Three years ago Erik Finman made a bet with his parents. He had just dropped out of high school, finding it a waste of time, and was being taught at home.

If he was a millionaire by the time he turned 18, his parents said, they would not force him to go to university.

Last week Mr Finman declared victory.

“I won the million dollar bet I had with my parents!” he announced on Tuesday.

“Grateful to all the friends, family, and mentors along the way.”

The teenager’s story has captivated America, delighting people with its mix of childhood ambition, entrepreneurial skills and hard work. Mr Finman has been celebrated on news channels, and lauded in the tech community. 

For his story is little short of remarkable.


The tale began in 2011, when he was 12, and his grandmother gave him $1,000.

Mr Finman, whose parents Paul and Lorna met at Stanford University in the 1980s, when Paul was getting his PhD in electrical engineering and Lorna was getting hers in physics, took the cash and invested it in Bitcoin, following a tip from his brother Scott.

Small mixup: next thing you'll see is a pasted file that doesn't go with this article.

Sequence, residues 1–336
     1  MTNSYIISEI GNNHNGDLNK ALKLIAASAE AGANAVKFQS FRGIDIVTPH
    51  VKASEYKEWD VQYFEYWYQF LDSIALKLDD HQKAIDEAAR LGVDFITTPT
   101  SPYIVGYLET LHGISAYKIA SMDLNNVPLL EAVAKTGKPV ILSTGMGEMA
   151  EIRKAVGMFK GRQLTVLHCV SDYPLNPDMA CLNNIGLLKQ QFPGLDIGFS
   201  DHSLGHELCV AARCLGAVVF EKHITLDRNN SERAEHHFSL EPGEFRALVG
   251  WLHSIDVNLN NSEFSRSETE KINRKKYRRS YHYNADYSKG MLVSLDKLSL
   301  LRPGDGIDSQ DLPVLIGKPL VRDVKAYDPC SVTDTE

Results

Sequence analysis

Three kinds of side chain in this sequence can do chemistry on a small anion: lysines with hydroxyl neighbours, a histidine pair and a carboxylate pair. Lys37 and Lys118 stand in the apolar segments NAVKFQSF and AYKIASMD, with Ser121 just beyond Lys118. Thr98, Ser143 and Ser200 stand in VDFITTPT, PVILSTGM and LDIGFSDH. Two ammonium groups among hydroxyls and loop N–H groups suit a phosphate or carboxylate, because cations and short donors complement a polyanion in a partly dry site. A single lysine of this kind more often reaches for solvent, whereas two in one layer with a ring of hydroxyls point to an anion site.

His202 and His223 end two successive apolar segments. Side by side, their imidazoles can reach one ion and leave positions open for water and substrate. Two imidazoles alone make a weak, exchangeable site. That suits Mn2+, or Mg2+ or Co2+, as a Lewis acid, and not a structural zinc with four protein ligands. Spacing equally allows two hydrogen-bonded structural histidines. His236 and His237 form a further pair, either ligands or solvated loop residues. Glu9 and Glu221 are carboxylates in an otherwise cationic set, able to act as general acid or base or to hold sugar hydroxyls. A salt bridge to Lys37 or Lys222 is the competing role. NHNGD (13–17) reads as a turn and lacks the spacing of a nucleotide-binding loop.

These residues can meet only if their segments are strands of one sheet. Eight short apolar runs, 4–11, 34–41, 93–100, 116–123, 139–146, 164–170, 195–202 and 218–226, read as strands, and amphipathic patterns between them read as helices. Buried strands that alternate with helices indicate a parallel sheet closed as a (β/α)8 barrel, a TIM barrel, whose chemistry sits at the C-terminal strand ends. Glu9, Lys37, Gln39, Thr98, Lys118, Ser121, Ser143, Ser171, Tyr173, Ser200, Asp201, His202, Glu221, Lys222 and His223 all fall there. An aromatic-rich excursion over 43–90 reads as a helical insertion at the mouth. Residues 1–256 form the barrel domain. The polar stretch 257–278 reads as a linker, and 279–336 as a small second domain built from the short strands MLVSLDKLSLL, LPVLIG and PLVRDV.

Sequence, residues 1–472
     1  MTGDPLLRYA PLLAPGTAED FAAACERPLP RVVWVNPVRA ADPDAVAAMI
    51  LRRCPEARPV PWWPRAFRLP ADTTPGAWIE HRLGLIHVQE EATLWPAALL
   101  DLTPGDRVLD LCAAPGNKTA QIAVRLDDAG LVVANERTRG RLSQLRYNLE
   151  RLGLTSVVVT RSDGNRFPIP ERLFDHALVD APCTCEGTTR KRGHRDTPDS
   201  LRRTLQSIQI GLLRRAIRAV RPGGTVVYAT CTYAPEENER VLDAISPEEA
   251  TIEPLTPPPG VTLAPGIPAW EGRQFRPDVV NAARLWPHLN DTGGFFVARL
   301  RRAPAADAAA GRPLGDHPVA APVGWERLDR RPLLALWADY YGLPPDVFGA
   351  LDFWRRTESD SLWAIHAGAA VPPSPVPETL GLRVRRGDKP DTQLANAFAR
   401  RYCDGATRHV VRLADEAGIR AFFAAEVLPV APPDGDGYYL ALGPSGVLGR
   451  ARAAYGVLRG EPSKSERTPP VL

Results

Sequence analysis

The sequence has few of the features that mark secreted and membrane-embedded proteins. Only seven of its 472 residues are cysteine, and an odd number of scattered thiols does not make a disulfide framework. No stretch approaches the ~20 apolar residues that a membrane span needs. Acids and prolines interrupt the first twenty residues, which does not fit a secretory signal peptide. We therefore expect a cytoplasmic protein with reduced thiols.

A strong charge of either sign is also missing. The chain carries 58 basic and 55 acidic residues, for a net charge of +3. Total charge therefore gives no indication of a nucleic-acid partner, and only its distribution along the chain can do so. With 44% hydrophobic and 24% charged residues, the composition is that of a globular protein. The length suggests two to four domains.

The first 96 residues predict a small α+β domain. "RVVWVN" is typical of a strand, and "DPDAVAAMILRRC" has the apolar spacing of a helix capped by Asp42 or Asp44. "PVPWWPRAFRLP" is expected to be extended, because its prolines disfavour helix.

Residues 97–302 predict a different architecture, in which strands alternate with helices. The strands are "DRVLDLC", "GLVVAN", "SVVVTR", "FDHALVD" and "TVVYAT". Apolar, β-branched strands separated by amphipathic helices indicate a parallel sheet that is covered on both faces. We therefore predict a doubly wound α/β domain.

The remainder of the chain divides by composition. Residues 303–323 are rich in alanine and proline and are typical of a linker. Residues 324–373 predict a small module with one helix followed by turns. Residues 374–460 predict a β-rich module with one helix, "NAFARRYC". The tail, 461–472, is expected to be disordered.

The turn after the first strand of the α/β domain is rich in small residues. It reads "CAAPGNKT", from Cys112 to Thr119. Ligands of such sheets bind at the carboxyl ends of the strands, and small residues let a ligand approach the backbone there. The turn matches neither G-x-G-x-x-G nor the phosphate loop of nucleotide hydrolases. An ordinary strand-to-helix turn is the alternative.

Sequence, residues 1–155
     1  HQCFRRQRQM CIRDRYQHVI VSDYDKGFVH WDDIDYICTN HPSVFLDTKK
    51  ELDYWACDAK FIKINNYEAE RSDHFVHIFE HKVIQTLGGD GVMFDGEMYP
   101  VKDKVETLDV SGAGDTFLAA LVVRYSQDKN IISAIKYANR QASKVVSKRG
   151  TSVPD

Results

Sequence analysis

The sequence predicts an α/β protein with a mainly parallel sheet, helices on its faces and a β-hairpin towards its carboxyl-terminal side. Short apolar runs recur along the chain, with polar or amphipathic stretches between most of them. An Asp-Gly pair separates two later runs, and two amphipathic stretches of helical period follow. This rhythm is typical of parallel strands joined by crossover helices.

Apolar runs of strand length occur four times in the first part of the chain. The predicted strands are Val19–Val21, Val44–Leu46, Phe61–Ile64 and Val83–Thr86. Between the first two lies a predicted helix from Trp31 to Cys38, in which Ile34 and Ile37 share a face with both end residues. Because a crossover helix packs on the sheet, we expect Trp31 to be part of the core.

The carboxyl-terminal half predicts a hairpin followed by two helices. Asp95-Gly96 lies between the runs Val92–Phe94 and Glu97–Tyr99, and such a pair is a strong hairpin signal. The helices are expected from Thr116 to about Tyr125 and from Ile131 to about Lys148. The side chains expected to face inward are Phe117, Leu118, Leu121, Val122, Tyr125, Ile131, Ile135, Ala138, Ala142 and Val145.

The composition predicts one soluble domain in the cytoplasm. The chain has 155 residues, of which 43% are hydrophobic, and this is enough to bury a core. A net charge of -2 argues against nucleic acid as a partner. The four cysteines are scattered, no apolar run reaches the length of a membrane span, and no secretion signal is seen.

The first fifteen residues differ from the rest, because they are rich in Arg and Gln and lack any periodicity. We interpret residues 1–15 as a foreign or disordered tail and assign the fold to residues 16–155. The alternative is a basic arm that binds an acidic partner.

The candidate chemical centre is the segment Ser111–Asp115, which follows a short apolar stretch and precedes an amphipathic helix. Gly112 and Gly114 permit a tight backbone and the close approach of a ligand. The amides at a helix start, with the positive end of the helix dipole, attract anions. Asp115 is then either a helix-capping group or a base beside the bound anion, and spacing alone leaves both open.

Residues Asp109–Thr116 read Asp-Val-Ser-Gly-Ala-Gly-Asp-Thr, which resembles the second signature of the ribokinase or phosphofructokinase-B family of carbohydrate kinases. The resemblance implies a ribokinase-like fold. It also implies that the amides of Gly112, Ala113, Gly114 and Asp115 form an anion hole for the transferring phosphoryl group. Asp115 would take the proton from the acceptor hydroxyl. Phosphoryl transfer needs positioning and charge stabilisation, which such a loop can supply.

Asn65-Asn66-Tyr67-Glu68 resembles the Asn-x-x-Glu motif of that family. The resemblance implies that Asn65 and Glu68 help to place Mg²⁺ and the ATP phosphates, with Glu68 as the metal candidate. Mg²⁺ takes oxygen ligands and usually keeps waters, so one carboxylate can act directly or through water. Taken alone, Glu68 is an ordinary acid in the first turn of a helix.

The Finman siblings, three brothers, admit to being fiendishly competitive. Erik describes his family as being the “Elon Musk version of the Kardashians” – both his older brothers work in tech and engineering, and the youngest Finman was frustrated by school.

“I was a failure by most metrics,” 

he has said of that time.

“I wasn’t the most studious of teenagers, I played Call of Duty and I snuck in Grand Theft Auto so my parents didn’t see.

“My life was pretty average at that point. No matter how hard I tried, it was to no avail. I still got Cs, I still was afraid to talk my teachers who made my failures seem like a bad thing and I just wasn’t motivated.”

He claimed one of his teachers told him he would never amount to anything, so he should drop out of school and work at McDonald’s.


Micheal Kolawale

Writer at Worth of Mouth
I write within the trending news and success stories department. In this role I aspire to highlight the achievements of our generation which tend to go unnoticed because of their seemingly small significance compared to news of our imcomptence and negativity. I hope to do so in a way which is pleasing to read and changes the way you think about approach the barriers you face in life.
Micheal Kolawale
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